Please note that this article expresses the opinions of the author and does not reflect the views of Move Forward.

What Will Urban Mobility Planning in the 21st Century Look Like?

Nowadays, sustainability and resilience of cities can be considered as the trending topic of urban planning, the discussion mainly focused on technological alternatives or products so as to find out the most suitable solution. On the other hand, some decision makers consider urban land use and mobility planning as the core solution, leaving these technological innovations as a very useful sort of complementary options which may be used at the right time for a specific action.

In this list of alternatives are included technological devices to improve mobility, new transportation options or futurist prototypes, car optimization or auto occupancy rate improvement, big data and the Internet of Things applied to the transportation branch, new sophisticated engine technologies to reduce emissions and optimization of fuel, among other options.

There is no doubt that all of them are such incredibly useful tools, but are these technological applications a core solution?

In essence, what really matters is a remarkable reduction in commutes, travelling distance, travel time, emissions and car use in rush hours. An appropriate land use policy and a proper integrated urban mobility with an established short, medium and long term action plan should be the core solution for this global peril.

Democratic streets

Nowadays, cities have turned into a net of links, connecting different points and being dehumanized to embrace wildly the car and its conception of “freedom”. As a result, urban areas are a nest of congestion and pollution which is soaring beyond the limits. Here is where urban mobility planners need to rethink the city to provide a more balanced, fair and sustainable streets for their citizens.

Conceiving urban areas as a map and leaving aside the buildings, what remains is the public space, mainly streets, which is available to be used for the sake of citizens. This opportunity is a great responsibility which has to be taken very wisely.

Streets are an integral part of the transportation landscape. Every street is different from another – an important vehicular avenue is different than a local street in a calm neighborhood or a crowded shopping street. Why should streets be designed with the same parameters?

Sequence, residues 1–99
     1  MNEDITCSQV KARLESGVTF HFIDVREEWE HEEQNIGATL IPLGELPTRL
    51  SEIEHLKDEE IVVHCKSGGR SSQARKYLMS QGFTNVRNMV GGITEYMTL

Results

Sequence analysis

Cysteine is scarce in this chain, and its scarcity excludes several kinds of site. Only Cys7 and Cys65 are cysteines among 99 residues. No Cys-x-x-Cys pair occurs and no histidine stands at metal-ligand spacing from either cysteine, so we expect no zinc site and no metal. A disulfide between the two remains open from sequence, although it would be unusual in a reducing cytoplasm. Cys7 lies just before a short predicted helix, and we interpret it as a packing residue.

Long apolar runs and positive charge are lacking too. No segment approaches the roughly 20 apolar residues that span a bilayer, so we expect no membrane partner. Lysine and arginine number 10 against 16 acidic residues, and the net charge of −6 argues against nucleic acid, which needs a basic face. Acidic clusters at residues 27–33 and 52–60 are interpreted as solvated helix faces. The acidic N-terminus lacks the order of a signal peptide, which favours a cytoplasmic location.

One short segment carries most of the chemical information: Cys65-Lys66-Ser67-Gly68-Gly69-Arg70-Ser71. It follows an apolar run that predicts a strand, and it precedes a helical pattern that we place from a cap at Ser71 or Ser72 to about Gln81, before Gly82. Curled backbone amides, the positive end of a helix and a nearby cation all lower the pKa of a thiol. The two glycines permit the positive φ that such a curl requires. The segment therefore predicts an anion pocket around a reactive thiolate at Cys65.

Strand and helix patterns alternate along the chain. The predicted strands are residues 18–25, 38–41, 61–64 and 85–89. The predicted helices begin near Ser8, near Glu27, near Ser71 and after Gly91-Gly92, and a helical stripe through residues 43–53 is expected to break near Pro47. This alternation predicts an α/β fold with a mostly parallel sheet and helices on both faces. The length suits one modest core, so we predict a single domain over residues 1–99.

Moreover, the same applies to the different alternatives of mobility. Car drivers, bikers, pedestrians or public transport users have their own needs and features in terms of design, preferences or space demands.

An integrated urban road hierarchy

This is what an integrated urban road hierarchy consists: distribute the planned available street space for mobility between the different means of transport equitably taking into account street physical limits and the variety of commuter’s needs, always focusing on their comfort, road safety and net connectivity and prioritizing the most sustainable and humane means.

Applying this idea in urban mobility planning, the city is organized as a combination of a complete hierarchized network for each mode of transport, having defined the primary, secondary and local streets for that specific mean, and not only planning the city for cars.

These networks need to co-exist and not compete. In fact, if urban mobility plans are correctly worked out, the final output should free enough space in order to ease coherently the use of sustainable means of transportation, maintaining the car functionality as planned.

The result is a more balanced, livable and resilient city where the sustainable habits of mobility are encouraged by design, thus providing a better quality of life, urban economy, diversity and prosperity for all.

What are the important factors urban planners should consider to make cities more livable? Share your ideas in our comment section.

Please note that this article expresses the opinions of the author and does not reflect the views of Move Forward.